The terrible violence in Egypt against Christians, Muslim Brotherhood activists and other civilians have shocked many people. And have enraged many people as well. On my Facebook and Twitter accounts, which I use for my research I came across many posts by Dutch Muslims with whom I work, who clearly expressed their anger and frustration about the violence and about the problematic Western media viewpoints about the Muslim Brotherhood and about politicians and opinion leaders who voiced their concern about the attacks against Christians but remained silent about the violence against pro-Morsi people.
But besides this anger there was also something else that, among other things, showed that the situation in Egypt but also the opinions among Muslims are far more complicated and mixed than the simple Egyptian army vs. Muslim Brotherhood framework. There were many people expressing their solidarity with all victims regardless of political, ethnic and religious divides. There was one picture in particular that went viral:
The picture reportedly shows Egyptian Muslims hold hands and form a circle around the St George Church in Sohag suggesting that it is under threat from pro-Morsi militants. It was tweeted by Rev. James Martin, S.J., a Jesuit priest and the author and editor-at-large of America, a national Catholic magazine. He tweeted the image, and it was then retweeted by his followers more than 760 times and made a “favorite” more than 320 times.
Muslim men protecting a Catholic Church in Egypt during mass. pic.twitter.com/eKqu3oSLuz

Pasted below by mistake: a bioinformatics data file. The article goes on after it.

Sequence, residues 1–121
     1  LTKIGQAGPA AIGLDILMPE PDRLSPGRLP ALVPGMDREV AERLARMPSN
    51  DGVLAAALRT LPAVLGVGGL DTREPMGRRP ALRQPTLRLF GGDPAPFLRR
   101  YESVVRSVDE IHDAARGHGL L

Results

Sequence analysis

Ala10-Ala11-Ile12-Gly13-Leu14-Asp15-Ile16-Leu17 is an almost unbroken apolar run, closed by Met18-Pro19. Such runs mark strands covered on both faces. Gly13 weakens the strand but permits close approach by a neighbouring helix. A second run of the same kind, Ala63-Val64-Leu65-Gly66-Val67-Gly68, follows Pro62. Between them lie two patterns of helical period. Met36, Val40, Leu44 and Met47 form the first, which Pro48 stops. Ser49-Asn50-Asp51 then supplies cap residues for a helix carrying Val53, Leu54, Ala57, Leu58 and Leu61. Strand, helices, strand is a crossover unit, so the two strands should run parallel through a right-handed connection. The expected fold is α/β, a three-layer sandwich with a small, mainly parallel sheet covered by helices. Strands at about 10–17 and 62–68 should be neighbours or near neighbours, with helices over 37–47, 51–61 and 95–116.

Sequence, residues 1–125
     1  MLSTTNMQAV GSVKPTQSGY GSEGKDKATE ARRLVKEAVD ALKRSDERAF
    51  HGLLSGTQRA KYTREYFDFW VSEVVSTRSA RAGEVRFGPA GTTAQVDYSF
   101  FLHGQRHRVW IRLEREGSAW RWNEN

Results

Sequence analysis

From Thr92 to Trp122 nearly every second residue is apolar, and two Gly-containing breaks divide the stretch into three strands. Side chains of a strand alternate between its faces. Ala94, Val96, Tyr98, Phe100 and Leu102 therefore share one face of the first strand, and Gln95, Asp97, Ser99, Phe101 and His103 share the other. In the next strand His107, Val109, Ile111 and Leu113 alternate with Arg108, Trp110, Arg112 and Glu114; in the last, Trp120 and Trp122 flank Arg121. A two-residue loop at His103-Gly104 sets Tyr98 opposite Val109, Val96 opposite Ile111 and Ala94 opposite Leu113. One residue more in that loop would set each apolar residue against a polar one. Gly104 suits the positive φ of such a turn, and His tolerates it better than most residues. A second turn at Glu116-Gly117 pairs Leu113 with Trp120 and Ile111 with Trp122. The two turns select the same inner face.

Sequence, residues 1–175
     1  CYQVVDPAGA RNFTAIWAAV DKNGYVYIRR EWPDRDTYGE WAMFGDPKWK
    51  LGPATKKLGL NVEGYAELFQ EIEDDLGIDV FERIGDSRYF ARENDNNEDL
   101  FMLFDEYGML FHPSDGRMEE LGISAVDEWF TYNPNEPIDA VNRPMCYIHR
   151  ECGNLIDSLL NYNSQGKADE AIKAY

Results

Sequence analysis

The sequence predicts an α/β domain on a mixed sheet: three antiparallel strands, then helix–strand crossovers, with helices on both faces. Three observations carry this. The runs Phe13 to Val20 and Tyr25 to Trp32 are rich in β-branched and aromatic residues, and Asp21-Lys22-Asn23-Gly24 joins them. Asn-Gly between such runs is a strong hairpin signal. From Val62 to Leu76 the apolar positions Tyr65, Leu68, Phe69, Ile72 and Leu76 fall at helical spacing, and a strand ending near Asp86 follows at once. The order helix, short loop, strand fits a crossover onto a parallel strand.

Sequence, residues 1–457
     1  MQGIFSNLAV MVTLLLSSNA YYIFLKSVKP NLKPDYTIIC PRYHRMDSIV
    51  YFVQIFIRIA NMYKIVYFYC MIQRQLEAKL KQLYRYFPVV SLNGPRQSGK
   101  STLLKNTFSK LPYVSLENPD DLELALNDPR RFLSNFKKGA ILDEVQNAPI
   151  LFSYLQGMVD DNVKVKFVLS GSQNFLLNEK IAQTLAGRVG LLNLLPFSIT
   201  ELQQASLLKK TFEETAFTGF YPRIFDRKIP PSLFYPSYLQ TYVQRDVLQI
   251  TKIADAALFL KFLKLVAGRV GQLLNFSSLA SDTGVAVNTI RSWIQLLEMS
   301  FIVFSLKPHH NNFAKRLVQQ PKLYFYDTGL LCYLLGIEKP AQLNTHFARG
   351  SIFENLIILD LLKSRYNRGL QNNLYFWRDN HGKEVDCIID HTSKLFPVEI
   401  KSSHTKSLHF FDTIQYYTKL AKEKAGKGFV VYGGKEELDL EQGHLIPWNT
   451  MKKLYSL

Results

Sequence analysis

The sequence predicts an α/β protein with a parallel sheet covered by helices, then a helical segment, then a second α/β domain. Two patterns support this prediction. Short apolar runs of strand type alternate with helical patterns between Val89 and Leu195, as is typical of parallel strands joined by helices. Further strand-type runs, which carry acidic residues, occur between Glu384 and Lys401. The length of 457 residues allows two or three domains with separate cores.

— James Martin, SJ (@JamesMartinSJ) August 18, 2013
It is not clear how old this picture actually is and according to some the church in question was actually attacked. That did not really influence many others (if they thought about it at all) sharing it. It was also picked up by the people I work with on Facebook and shared numerous times with many comments that expressed joy, relief and hope. In a few cases I came across that picture together with others like the following:
The comments on both pictures showed Muslims and non-Muslims alike expressing their ideas that not all Muslims commit violent acts, it was used to support their ideas that Muslims should protect Christians and that unity and peace were still possible. Pain and anger about the aftermath of the revolution were expressed often through strong emotions. It is part of a process of preserving, promoting and creating (almost in a desperate way) the idea that there is still a sign of good things going on besides all the violence. It is gratifying for people to show their solidarity, their enthusiasm by looking for little signs of hope and it clearly made them feel good about retweeting and sharing it.
MUSLIMS PROTECTING CHURCHES: this is a moving picture Muslims doing their Friday prayers in front of Church to protect it from attack by militants! This is the Egypt we all dream of.
Also here the context is not really clear but with 72 likes and 1249 shares it is quite popular as well.
Of course, many remained skeptical and angry as well but it is clear that there are many more emotions raging than just those. Such pictures help people to turn their often diffuse and implicit feelings into more plain and simple slogans, personal (sometimes political and/or religious) ideas of good and bad and of belonging. Besides people looking for ways to express their moral anger and injury it is therefore also about people looking for ways to actively engage with what they perceive as good and just in positive ways and searching for signs for peace, tolerance and solidarity as little or obscure they maybe are.
As I already hinted at above, the St George Church in Sohag that was retweeted so eager as a sign of hope, was indeed attacked. One of my Dutch readers (H/T Jasmina) send me this:
— Jasmina (@JasminaOnline) August 15, 2013
The Dutch text says ‘Here a picture of the mosque of yesterday’ referring to the mosque I showed you above. It indeed has been attacked and set on fire. It doesn’t really matter for the post as it is more about the eagerness and enthusiasm with which people share signs of hope online, I cannot but feel disappointment about the destruction of this church.